The series of anti-Christian attacks began when a Hindu leader was killed by suspected Communist militants. Hindu extremists used the leader’s death as a pretext for the violence, in which many Christians have been killed and many Christian churches and homes burned to the ground. “Even if all the world knows Christians are not responsible,” the bishop continued, “the Hindu fundamentalists want to kill a Catholic leader too. The archbishop is doing all he can to curb the violence, meeting politicians in Delhi, but that’s not enough.” Bishop Dias said the India Supreme Court’s ban of a planned procession bearing the ashes of the murdered Hindu leader is a positive development, claiming that more actions against Christians were planned to follow the event. “The world must know that these things happen in India, which boasts to be the world’s greatest democracy,” the bishop told SIR. “What is happening is ridiculous. In a democracy with a lay government, every religion should have its freedom.”
According to Bishop Dias, international diplomatic pressure is needed despite the Indian government’s condemnations of the violence and the deployment of a special police force. “They should have acted earlier,” the bishop said of the Indian government. “They took action after the pressures of the Bishops Conference, in my opinion, a bit late and not adequately.” Though it is reported that the situation in Orissa has calmed, there are still some attacks in relief camps. “People do not want to stay there, because they feel threatened,” Bishop Dias explained. There is still peace in the Andaman and Nicobare Islands, where about 40,000 Catholics make up a fraction of the archipelago’s total population of 400,000. Bishop Dias told SIR that after the violence in Orissa began, he met with the delegates of the local media. “They all condemned the incidents,” he said. “Then, on September 4, we organized a procession with other Christian leaders and 12 delegates of the other religions.” “The governor of the Andaman Islands reassured us that it will not happen here,” Bishop Dias reported.
Priest speaks of his ordeal:
Fr Edward Sequeira, one of the victims of the violence committed by Hindu radicals in Orissa, does not hesitate to call them terrorists. Hindu fundamentalists have long been conducting a campaign against conversions to Christianity, and against evangelization. For Fr Edward, 58, missionary activity is something that upholds the dignity of the person. “I have been working among lepers in Padampur in Bargarh district for the past ten years. I realized that, given the preference for a male child in rural Indian communities, parents many times have more than 4-5 daughters before a son is born - and unfortunately, these girls are rarely sent to school, they are made to graze cattle or even sent at early age as domestic workers or to the landlords, and many girls suffer from malnutrition. "So I started a very small hostel-orphanage for girls, to give them opportunity and dignity through education and vocational training. One such girl in my orphanage was Rajni Majhi. Hatred of Christianity and personal development is what drives radical Hindu groups to try to wipe out the presence of Christians and their institutions. "For more than 25 years I have worked in Orissa, and not a single person have I converted to Christianity".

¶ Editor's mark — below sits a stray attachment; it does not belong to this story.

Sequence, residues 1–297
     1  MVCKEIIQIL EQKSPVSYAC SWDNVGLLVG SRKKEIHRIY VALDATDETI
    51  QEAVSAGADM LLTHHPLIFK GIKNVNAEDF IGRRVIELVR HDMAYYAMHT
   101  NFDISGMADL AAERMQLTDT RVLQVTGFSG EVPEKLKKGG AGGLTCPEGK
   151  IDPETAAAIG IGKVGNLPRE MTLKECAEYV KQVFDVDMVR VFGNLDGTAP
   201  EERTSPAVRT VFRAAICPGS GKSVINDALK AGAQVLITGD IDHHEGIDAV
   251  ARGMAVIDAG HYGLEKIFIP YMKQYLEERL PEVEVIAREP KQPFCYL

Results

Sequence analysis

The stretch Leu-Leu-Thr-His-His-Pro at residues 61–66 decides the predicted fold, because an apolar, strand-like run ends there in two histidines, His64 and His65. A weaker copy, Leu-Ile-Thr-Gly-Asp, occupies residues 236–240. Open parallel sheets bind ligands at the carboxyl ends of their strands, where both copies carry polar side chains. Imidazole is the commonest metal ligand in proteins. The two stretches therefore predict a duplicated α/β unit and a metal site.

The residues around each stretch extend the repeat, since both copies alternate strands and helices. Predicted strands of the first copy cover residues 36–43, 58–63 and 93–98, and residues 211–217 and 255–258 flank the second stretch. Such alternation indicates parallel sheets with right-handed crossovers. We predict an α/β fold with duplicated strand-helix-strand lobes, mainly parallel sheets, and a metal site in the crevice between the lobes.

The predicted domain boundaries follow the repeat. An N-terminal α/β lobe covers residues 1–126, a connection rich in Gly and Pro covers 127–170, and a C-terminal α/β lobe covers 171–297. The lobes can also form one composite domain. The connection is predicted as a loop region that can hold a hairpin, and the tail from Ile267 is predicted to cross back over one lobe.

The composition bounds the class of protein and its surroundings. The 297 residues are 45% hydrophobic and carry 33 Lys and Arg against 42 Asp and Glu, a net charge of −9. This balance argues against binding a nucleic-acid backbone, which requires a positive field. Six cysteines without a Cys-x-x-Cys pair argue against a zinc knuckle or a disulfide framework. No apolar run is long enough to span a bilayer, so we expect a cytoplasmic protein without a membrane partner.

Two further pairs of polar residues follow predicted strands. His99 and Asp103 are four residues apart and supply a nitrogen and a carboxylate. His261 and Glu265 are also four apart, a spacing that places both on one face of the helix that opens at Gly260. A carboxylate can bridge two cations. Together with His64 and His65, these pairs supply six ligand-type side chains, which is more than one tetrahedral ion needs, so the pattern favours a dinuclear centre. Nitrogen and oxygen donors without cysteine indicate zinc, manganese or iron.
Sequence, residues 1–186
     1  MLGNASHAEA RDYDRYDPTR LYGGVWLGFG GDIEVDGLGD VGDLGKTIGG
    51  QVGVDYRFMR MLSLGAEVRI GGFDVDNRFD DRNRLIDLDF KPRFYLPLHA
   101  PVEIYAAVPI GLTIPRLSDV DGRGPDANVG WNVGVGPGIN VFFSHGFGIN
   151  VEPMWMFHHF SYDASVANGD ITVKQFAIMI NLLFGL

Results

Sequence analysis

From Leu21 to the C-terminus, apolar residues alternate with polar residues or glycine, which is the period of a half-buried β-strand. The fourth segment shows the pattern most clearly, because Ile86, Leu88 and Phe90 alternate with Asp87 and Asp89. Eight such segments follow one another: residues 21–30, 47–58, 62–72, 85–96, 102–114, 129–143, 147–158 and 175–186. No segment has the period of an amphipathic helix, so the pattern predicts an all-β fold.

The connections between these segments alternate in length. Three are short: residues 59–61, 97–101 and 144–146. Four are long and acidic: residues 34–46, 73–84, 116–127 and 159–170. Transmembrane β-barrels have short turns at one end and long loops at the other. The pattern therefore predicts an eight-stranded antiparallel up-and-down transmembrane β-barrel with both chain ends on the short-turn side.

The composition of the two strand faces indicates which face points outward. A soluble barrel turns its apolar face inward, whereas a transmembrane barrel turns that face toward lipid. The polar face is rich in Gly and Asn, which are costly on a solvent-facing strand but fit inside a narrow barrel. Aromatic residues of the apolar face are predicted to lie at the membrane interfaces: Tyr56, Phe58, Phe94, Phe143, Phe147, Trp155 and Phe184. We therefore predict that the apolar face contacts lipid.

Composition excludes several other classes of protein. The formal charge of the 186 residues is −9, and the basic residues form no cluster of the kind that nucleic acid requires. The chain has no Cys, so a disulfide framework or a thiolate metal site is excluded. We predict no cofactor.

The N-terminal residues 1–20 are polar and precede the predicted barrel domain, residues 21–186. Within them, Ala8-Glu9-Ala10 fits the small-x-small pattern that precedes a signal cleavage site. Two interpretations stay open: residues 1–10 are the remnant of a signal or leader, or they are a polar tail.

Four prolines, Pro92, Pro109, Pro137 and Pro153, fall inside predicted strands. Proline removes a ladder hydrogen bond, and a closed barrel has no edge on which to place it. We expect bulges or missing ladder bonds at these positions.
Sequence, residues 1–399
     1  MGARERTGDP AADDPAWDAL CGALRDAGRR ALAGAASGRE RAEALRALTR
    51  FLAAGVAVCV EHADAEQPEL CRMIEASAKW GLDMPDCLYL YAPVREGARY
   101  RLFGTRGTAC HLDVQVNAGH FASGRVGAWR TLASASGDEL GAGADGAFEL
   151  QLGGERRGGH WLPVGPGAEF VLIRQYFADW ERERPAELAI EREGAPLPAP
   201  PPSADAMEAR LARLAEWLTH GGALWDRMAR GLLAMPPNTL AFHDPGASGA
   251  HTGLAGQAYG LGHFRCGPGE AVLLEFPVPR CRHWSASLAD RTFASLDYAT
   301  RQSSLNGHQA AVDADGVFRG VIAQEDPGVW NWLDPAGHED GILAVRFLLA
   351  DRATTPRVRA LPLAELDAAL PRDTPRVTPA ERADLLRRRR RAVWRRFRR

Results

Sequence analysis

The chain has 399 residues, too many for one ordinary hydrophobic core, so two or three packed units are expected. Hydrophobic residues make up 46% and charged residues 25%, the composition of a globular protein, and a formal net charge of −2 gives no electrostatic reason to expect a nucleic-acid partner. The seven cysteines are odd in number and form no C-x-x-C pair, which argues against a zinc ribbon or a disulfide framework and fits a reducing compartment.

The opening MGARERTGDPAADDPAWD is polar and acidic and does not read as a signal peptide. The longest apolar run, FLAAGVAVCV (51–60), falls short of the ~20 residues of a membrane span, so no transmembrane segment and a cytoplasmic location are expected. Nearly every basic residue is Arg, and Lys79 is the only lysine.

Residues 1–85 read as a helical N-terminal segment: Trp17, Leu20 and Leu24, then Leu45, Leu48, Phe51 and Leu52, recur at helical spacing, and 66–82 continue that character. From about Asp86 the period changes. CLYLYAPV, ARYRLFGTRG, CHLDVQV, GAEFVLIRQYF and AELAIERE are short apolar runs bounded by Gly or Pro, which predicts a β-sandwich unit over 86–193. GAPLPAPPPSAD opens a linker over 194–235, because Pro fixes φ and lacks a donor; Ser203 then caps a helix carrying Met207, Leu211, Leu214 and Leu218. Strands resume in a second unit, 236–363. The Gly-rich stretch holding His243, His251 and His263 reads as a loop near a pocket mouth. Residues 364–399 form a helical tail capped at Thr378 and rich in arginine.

Fr Edward explains what happened to him: "On Monday August 25th, around 1.30 pm, as I was having lunch, there was a knock on the door. When I opened it, a huge crowd of more than 500 people were outside and asked: 'Who is the priest?'. This is nothing strange, as often people come requesting my help, for my vehicle to drive them to a hospital or other such emergencies. As soon as I identified myself, they raised their arms holding all the weapons - axes, shovels, spades and iron rods. They took me outside in the courtyard and began hitting me, screaming abuses at Christianity and shouting 'Bajrang Bali Ki Jai; Yesu Christi Murdabada; Hail Lord Hanuman (a Hindu god with the face of a monkey), destroy, eliminate Jesus Christ', beating me on my head, back, all over my body. "They thrashed me for nearly an hour. Then they entered my room, collected all the clothes and books and whatever they laid their hands on and piled it in the centre of the room, threw some kerosene on the pile, and some crude oil, and threw some gelatin sticks which they had brought with them and lit the fire and threw me into the flames and locked the door from the outside. Somehow, I was not frightened, there was definitely the divine presence in the burning room, and I went into the bathroom and locked myself in and shut all the windows. The whole room was engulfed in thick smoke and flames. In the meanwhile, the men dragged Rajni outside with the children - some of the children escaped. They brought her outside my bathroom window. I could hear the cries of Rajni.
"These criminals tied her hands together - they made a huge bonfire in the orphanage room and threw her onto the fire. I can still hear her voice, 'Father, they are going to burn me', these were her last words to me, after this I lost consciousness. Now my concern is for helping the orphans. These children saw the fire. I can't even imagine their trauma; they will be afraid for their whole lives". It was only the arrival of fire-fighters that put an end to the tragedy. "When the Church makes the people aware of their dignity and gives them self-reliance, we are attacked. We are improving the economic status of the poor and marginalised. The international community must unequivocally condemn this terrorist attack, and also impose sanctions. The international community should question India's abuse and lack of human rights and religious freedom”.
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